Environmental activists are calling on a state agency to waive access fees for a database containing detailed information on orphaned and abandoned oil and gas wells across the Commonwealth that they believe Pennsylvania taxpayers should have free access.
Oil and gas well watchdogs are calling on the Pennsylvania Department of Conservation and Natural Resources to remove the $5,000 subscription fee and $500 annual maintenance fee from its Exploration and Development Well Information Network (EDWIN) database.
“Oil and gas well records should be available to all citizens of Pennsylvania, not just a select few citizens with the ability to pay the exorbitant DCNR fees,” reads a petition to the Secretary of State. DCNR, Cindy Adams Dunn. “We, the undersigned, demand that DCNR stop charging citizens $5,500.00 to access the EDWIN database.”
From Friday afternoon, the petition on MoveOn.org, created by Best Path Coalition, a statewide environmental advocacy group, co-founder Karen Feridun, had more than 1,000 signatures. A similar petition on Change.org created by fellow activist Laurie Barr, co-founder of Record our PA streamshad over 100 signatures.
The EDWIN database, named in honor of Edwin Drake, whose Titusville well touched oil in 1859, contains, among other details, location data, ownership status, construction information, and completion reports of oil and gas wells in Pennsylvania .
The database was created in 1995 using data from the Pennsylvania Department of Environmental Protection. DEP data is then processed and published on EDWIN by the Pennsylvania Geologic Survey (PAGS), a state bureau overseen by DCNR, to provide a “comprehensive view of Pennsylvania oil and gas well data”.
Pennsylvanians who wish to access data found in EDWIN have two options: drive to PAGS offices in Pittsburgh or Middletown, Dauphin County, during regular business hours for free data access, or pay one-time subscription fees and annual maintenance fees, for 24-hour data access and 7 days a week from their personal computer.
According to DCNR, EDWIN subscription fees include the costs of “software license to access the system, technical training and support for using the system, and software upgrades and maintenance. required”.
DCNR said fees collected to access EDWIN are used to “purchase client licenses, support software, and make the system self-contained.” The department notes that EDWIN’s subscription fees have not increased in its 27-year existence despite rising costs for hosting and maintaining the database.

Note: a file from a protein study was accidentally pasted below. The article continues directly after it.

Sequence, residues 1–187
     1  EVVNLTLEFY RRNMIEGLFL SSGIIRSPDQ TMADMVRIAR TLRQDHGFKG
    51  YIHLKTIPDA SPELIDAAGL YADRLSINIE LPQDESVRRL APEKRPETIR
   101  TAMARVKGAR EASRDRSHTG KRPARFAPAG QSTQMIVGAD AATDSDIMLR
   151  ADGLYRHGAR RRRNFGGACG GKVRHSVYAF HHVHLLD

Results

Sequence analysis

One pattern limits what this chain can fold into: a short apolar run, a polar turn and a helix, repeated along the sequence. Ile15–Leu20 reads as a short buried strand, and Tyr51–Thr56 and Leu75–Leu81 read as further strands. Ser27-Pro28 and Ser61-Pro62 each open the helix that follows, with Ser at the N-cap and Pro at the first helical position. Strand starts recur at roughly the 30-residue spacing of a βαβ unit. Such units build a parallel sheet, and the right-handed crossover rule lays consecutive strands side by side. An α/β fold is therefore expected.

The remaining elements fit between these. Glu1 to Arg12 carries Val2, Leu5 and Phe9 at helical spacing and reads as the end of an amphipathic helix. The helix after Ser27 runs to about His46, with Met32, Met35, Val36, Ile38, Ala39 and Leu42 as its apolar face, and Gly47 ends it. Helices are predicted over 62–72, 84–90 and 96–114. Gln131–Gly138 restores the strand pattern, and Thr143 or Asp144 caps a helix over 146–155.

“Knowing it exists, I wish I could access it…but I don’t have $5,000,” Barr said, adding that she was being driven to Pittsburgh from her home in Coudersport, Potter County – a three-and-a-half to four-hour drive each way – to access EDWIN for free.
Barr, who uses the EDWIN database run by DCNR to locate orphaned and abandoned wells for his stream health research, says EDWIN data is more reliable and provides better information than data from the DEP, which oversees oil and gas wells in the Commonwealth, as well as plugging operations.
DEP spokeswoman Deborah Klenotic said DEP’s oil and gas well data tools are “complementary” to DCNR’s tools, including the EDWIN database.
“The purpose of public reporting and DEP requests is to provide the most accurate and up-to-date data available on well sites and surface-related activities, such as earthworks and permitting; crossing/encroachment of watercourses and authorisations; waste storage, treatment and disposal and permits/approvals; and inspection, enforcement and compliance data,” Klenotic said.
“In contrast, EDWIN provides “in-depth analysis” of individual well data, primarily downhole construction and wellbore geological profile, as well as geological reservoir information. Much of this data is reviewed, interpreted and possibly updated by DCNR geologists,” she said.
Klenotic also told the Capital-Star that most DEP publicly available oil and gas well data is “operator-reported,” which could explain some of the inaccuracies – missing/non-existent wells and wells with incorrect plugging statuses – which Barr discovered after visiting reported well sites using DEP data.
Klenotic said that “if errors are identified, the DEP contacts the operator and asks them to resubmit the corrected data.”
“The DEP records are a mess,” Barr said, pointing out that problems with the DEP records are part of why accessing the data in EDWIN is vital.
Barr said waiving subscription fees and giving everyone access to EDWIN could help prospective buyers in Pennsylvania make informed purchasing decisions.
“Wouldn’t it be nice to know you’re not buying someone’s oil field?” Barr asked. “Wouldn’t it be great if an insurance company could look at a database and find out if there’s a sink there?
“It needs to be made available to people,” Barr continued.
Feridun told the Capital-Star that she plans to submit the petitions to DCNR’s Dunn on or around July 25 for consideration.
“Hopefully DCNR will take the step we’re asking them to take,” Feridun said, “this is our data.”
A DCNR spokesperson told Capital-Star in an email that they “appreciate the interest” in EDWIN and “will consider this feedback for future iterations.”